Key Topics•Job-order vs. process costing•Accounting for process cost flows•Apply costs to products•Service department allocations – separate handout4
Job-Order vs. Process Costing4
What is Process Costing?4
Similarities Between Job-Order and Process Costing•Both systems assign material, labor and overhead costs to products and they provide a mechanism for computing unit product cost.•Both systems use the same manufacturing accounts, including Manufacturing Overhead, Raw Materials, Work in Process, and Finished Goods.•The flow of costs through the manufacturing accounts is similar in both systems.4
Differences Between Job-Order and Process Costing4Process CostingJob-Order CostingUsed when a single product is produced on a continuing basis or for a long period of time.Used when many different jobs are worked on each periodAccumulate costs by department.Accumulate costs by individual jobs.Compute unit costs by department.Compute unit costs by job on the job cost sheet.
Process costing is used for products that are:Quick Check 4-7
Processing Departments•A processing department would be a unit that adds material, labor or overhead to the product.•The same process is applied to all products and the output is homogenous.•Products flow in sequence from one department to the next.•For example, a soft drink manufacturer could have:4-8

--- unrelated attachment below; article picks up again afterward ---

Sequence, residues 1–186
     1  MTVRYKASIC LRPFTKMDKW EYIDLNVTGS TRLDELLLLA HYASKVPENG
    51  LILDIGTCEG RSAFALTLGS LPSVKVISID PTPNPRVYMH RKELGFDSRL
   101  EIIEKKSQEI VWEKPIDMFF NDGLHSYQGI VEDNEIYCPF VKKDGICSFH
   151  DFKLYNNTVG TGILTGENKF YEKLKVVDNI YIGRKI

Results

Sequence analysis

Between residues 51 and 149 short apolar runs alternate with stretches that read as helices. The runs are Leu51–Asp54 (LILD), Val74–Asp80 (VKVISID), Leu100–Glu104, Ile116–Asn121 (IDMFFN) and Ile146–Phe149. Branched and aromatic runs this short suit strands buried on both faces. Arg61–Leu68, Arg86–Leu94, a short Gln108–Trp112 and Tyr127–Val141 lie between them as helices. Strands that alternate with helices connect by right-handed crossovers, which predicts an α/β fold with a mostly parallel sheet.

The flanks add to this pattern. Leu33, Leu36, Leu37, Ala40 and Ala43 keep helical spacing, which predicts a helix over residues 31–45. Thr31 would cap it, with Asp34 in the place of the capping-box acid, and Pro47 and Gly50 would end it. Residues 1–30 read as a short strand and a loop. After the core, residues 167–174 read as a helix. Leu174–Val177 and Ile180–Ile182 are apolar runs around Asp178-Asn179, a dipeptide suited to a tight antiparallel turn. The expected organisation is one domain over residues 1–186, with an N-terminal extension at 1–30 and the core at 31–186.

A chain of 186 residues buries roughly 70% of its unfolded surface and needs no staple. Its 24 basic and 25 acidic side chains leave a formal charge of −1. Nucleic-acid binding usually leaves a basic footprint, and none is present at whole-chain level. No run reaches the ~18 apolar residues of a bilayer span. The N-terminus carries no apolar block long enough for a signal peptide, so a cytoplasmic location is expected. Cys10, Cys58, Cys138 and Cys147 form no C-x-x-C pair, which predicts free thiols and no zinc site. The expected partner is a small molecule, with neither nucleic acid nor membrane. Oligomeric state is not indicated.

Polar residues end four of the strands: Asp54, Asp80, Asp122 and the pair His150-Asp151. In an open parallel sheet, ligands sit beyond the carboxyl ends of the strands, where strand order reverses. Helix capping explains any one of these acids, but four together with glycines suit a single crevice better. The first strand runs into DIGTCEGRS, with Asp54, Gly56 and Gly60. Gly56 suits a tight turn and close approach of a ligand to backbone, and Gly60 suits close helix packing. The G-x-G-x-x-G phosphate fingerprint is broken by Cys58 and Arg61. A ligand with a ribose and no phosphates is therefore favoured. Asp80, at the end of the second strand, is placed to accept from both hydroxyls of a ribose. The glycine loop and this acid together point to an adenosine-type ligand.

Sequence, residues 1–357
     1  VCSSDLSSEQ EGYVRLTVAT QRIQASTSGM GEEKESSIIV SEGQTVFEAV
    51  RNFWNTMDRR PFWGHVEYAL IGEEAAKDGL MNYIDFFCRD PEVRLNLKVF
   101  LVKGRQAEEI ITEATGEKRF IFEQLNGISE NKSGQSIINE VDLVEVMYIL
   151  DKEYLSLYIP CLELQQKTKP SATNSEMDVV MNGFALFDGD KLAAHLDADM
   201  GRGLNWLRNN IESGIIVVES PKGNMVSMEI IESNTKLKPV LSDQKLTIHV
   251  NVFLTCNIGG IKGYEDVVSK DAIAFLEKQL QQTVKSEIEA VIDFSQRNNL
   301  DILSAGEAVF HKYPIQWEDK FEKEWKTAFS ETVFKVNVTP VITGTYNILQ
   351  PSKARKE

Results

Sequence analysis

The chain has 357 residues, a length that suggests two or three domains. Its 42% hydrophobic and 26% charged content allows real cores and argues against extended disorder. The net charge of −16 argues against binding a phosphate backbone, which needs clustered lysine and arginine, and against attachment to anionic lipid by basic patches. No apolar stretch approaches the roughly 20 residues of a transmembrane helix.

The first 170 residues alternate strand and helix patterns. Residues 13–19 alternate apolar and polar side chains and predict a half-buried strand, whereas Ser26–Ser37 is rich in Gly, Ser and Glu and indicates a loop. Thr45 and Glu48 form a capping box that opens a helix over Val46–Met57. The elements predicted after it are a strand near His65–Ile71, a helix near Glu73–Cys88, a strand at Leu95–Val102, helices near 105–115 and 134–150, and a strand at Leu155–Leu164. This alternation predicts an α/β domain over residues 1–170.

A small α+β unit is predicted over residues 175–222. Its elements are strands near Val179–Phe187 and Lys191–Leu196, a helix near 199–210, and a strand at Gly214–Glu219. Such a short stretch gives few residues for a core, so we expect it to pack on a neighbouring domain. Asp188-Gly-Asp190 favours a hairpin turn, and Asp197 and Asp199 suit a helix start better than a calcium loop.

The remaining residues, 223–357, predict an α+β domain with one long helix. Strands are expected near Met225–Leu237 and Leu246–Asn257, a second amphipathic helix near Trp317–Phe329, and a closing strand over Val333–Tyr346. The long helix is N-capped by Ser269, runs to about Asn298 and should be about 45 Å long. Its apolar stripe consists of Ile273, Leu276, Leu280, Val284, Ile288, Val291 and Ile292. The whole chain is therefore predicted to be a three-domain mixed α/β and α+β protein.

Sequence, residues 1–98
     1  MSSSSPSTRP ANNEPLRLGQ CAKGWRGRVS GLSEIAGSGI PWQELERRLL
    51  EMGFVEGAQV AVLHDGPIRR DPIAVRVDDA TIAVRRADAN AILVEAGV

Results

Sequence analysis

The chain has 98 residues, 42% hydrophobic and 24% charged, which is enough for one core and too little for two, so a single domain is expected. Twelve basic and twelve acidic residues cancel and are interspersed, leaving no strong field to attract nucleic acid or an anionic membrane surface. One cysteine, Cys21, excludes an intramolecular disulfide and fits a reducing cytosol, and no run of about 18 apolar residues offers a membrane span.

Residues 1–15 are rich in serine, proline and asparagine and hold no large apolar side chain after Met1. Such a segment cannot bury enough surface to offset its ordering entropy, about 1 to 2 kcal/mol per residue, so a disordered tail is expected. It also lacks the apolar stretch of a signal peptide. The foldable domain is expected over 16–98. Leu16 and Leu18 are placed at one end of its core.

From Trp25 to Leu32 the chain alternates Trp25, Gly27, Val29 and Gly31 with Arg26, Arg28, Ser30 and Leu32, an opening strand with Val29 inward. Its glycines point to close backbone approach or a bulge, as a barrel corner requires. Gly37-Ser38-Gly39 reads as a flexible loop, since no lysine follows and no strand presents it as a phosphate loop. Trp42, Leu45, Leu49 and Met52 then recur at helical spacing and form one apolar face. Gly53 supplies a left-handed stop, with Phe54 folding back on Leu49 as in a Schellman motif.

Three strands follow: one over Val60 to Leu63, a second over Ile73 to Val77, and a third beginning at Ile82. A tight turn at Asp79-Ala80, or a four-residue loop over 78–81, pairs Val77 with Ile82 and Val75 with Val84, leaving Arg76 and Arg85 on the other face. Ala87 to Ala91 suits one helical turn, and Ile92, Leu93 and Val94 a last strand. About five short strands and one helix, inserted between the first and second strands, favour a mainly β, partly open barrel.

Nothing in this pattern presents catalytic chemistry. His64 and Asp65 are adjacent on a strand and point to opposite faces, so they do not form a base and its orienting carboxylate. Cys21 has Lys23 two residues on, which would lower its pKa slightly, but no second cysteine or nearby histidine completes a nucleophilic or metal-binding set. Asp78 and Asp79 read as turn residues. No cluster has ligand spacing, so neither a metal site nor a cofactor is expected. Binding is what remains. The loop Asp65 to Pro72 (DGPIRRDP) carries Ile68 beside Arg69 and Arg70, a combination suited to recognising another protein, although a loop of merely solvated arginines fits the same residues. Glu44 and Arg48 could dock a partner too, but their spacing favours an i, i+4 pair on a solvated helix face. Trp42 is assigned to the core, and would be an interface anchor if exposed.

Accounting for Process Cost Flows4-9
Comparing Job-Order and Process CostingFinishedGoodsFinishedGoodsCost of GoodsSoldCost of GoodsSoldWork inProcessDirect MaterialsDirect MaterialsDirect LaborDirect LaborManufacturing Overhead Manufacturing Overhead 4-10
Comparing Job-Order and Process CostingFinishedGoodsFinishedGoodsCost of GoodsSoldCost of GoodsSoldDirect LaborDirect LaborManufacturing Overhead Manufacturing Overhead JobsJobsCosts are traced andapplied to individualjobs in a job-ordercost system.Costs are traced andapplied to individualjobs in a job-ordercost system.